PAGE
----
Ad Hoc On-Demand Distance Vector

What Does Ad Hoc On-Demand Distance Vector Mean?

An Ad Hoc On-Demand Distance Vector (AODV) is a routing protocol designed for wireless and mobile ad hoc networks. This protocol establishes routes to destinations on demand and supports both unicast and multicast routing. The AODV protocol was jointly developed by Nokia Research Center, the University of California, Santa Barbara and the University of Cincinnati in 1991.


Techopedia Explains Ad Hoc On-Demand Distance Vector

The AODV protocol builds routes between nodes only if they are requested by source nodes. AODV is therefore considered an on-demand algorithm and does not create any extra traffic for communication along links. The routes are maintained as long as they are required by the sources. They also form trees to connect multicast group members. AODV makes use of sequence numbers to ensure route freshness. They are self-starting and loop-free besides scaling to numerous mobile nodes.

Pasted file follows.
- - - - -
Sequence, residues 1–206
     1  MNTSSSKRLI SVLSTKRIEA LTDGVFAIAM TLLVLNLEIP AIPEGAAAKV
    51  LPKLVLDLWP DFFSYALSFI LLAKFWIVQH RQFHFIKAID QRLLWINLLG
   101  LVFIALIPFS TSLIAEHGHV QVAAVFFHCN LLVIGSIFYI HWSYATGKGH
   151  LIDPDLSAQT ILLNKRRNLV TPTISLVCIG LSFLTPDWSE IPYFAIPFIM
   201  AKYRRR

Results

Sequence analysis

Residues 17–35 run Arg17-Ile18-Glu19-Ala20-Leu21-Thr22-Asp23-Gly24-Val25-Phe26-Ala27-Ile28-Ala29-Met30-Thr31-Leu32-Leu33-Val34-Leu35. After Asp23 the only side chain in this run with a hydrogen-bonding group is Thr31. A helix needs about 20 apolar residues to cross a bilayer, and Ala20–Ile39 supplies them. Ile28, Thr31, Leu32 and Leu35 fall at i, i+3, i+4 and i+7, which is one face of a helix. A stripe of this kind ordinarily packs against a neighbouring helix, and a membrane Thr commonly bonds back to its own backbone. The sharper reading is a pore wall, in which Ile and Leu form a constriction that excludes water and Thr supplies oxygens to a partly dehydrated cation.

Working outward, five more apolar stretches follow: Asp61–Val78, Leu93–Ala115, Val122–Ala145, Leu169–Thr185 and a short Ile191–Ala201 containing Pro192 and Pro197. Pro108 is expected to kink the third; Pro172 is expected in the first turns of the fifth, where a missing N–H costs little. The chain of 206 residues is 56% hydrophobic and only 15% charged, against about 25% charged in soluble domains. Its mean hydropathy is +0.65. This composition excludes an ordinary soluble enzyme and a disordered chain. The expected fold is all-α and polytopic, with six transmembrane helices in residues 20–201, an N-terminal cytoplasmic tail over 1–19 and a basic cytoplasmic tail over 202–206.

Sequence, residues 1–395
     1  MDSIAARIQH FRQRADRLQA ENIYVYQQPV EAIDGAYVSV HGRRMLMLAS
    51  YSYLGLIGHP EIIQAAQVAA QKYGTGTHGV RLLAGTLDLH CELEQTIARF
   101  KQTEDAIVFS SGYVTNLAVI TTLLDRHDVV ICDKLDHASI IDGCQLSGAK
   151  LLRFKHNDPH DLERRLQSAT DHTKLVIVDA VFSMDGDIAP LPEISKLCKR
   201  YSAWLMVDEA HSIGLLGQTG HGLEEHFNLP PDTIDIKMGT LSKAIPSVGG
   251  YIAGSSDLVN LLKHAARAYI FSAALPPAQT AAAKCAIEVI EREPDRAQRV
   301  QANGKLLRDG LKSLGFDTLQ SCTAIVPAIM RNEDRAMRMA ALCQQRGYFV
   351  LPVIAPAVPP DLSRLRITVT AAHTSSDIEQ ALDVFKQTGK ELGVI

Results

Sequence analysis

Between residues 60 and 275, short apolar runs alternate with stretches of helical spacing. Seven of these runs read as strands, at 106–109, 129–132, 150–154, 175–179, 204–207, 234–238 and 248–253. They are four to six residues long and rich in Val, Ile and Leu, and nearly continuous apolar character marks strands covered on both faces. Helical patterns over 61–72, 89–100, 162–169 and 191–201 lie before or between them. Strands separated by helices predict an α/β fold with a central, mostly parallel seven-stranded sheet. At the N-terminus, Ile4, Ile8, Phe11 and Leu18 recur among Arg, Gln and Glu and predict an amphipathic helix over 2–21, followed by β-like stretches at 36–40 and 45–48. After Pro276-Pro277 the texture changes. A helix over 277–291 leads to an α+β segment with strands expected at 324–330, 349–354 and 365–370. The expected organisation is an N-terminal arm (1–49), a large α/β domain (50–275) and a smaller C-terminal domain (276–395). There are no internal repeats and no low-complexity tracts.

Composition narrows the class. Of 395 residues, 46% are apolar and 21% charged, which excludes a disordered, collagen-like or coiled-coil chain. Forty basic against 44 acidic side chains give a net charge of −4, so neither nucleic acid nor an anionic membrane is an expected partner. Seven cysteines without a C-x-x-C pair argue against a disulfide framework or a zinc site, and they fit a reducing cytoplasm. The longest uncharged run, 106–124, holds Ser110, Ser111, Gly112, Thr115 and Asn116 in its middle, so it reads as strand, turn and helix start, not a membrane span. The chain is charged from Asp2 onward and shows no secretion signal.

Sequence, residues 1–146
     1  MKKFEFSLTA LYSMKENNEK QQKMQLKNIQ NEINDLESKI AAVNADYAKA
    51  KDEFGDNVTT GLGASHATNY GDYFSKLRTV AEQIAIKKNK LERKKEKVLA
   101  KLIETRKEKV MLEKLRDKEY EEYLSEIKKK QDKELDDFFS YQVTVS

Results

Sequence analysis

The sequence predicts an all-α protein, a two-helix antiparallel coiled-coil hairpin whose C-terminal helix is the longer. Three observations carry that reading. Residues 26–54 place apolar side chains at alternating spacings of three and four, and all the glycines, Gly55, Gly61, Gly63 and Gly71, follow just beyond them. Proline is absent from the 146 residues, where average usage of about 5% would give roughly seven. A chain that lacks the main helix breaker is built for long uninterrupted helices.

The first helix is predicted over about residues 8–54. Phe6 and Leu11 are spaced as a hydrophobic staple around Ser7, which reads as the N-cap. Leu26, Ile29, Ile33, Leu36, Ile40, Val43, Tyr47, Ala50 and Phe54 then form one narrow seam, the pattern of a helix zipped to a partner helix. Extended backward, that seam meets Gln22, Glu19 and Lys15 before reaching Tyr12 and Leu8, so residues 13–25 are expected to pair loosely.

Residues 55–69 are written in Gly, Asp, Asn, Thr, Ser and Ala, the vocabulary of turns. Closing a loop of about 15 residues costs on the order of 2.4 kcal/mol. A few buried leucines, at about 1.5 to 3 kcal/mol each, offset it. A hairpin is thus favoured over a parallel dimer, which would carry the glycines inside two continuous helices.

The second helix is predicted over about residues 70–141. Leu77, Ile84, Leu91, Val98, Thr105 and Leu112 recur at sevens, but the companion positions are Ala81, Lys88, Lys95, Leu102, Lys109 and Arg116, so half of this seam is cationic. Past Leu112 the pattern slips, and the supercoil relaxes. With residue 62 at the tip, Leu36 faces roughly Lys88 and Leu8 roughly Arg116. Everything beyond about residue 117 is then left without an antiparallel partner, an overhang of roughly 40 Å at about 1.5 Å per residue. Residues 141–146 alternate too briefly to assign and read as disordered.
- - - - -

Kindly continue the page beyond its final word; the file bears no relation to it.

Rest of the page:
In AODV, networks are silent until connections are established. Network nodes that need connections broadcast a request for connection. The remaining AODV nodes forward the message and record the node that requested a connection. Thus, they create a series of temporary routes back to the requesting node.

A node that receives such messages and holds a route to a desired node sends a backward message through temporary routes to the requesting node. The node that initiated the request uses the route containing the least number of hops through other nodes. The entries that are not used in routing tables are recycled after some time. If a link fails, the routing error is passed back to the transmitting node and the process is repeated.


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Margaret Rouse is an award-winning technical writer and teacher known for her ability to explain complex technical subjects to a non-technical, business audience. Over the past twenty years her explanations have appeared on TechTarget websites and she's been cited as an authority in articles by the New York Times, Time Magazine, USA Today, ZDNet, PC Magazine and Discovery Magazine.Margaret's idea of a fun day is helping IT and business professionals learn to speak each other’s highly specialized languages. If you have a suggestion for a new definition or how to improve a technical explanation, please email Margaret or contact her…